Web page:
God is mysterious, and His care for us is confusing and miraculous and at times too wonderful to understand. But I’m here to bear witness to this: God saves and sometimes He employs the unlikeliest of rescuers. For me, it is a two-year old little girl. She boldly stands between me and the gnarly devastation of loss and in a tiny voice proclaims, “I save you, MeMe. I save you.”
And she does, by the grace of our God, she does.
~ deb

Tuesday, January 27, 2015

The perfect thwack . . .


The other day I shot my bow. We are in our January thaw here in Wisconsin, so I took advantage of it. It felt good to pull back the string, relax my breathing and let go. It’s my new happy place. I was surprised how natural I now feel with the bow in my hands. For some unknown reason, I have an instinct for this. Of course, that doesn’t mean I’m any good at it. But, it feels right. I draw the bow string, inhale, aim, release. My heart slows as my breathing cleanses my nerves, body and mind of its clutter. And, oh, how I love the thwack!
Thwack? Yes, the thwack. It’s the sound the tip of the arrow makes when it connects with the target. I know where on the target my arrow has hit just by the sound. It’s louder around the edges, but the closer I get to the center, the sweet spot, the thwack is solid, fluid and reminds me of the sound and splash a diver makes when she hits the water at just the right angle.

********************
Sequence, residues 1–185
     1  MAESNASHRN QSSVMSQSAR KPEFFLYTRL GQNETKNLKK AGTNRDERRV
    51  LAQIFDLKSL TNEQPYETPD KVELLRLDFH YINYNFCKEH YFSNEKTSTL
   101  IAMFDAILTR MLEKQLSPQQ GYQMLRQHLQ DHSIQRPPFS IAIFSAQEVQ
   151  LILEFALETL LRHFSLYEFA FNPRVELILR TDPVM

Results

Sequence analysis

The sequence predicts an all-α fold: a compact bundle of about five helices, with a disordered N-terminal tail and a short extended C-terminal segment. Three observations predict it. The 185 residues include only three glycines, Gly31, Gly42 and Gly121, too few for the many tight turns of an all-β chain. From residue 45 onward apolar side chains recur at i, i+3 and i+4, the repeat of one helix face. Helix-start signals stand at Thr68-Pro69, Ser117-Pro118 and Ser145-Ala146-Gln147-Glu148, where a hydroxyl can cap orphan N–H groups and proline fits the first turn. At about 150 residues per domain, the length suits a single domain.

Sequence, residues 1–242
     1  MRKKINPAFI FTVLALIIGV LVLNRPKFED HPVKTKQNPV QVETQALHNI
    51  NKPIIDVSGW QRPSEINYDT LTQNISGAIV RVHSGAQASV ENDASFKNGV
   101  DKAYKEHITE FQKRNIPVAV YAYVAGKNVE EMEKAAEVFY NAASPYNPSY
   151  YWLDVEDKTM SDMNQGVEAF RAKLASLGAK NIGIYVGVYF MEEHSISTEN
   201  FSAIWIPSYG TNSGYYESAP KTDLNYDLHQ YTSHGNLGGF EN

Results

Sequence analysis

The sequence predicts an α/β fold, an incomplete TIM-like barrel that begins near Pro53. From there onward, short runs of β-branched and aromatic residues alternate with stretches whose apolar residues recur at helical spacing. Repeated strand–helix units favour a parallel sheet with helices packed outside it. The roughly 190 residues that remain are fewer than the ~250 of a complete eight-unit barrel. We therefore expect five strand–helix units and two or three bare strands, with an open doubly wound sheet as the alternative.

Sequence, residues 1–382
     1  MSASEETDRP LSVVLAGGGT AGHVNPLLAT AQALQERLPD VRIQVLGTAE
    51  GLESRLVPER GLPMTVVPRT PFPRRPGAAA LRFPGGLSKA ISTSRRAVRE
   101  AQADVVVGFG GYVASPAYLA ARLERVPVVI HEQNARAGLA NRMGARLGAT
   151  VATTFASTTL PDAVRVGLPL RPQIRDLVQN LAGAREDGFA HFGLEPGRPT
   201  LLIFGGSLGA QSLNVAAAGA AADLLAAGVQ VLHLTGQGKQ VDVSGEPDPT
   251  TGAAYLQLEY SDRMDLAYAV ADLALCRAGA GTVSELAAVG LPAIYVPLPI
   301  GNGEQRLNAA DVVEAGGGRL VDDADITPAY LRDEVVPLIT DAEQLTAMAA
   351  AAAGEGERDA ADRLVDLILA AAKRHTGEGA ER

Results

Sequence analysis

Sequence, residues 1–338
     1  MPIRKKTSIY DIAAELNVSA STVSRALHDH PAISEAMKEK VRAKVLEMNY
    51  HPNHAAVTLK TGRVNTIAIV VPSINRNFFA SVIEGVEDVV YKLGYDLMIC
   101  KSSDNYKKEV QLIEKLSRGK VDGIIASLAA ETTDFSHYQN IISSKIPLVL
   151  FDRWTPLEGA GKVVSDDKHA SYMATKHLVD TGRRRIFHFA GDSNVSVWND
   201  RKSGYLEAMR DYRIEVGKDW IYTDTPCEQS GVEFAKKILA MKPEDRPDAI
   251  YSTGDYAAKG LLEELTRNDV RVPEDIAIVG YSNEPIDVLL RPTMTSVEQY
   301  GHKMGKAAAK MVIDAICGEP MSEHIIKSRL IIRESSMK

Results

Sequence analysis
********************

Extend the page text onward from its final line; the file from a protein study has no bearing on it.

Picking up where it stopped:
I had had a couple of days of blinding sorrow, sideswiped by grief and longing. Unfortunately, I have discovered that year two of mourning the loss of my husband is no less painful than the first year. It just manifests itself differently. I had been made painfully aware in the last few days that this life I now live is permanent. Gary really isn’t coming back. Of course, my head has known this all along, but somewhere hidden behind my heart was this hope, this unrealistic, fantasy-type hope that he would. We did the hard stuff, now we get to move on with our life together, right?  Sadly, no. The right side of my bed is still empty. And, every morning when I open my eyes, it all begins again. Where am I and what has happened to my life?  I spend the rest of the day trying to figure that out.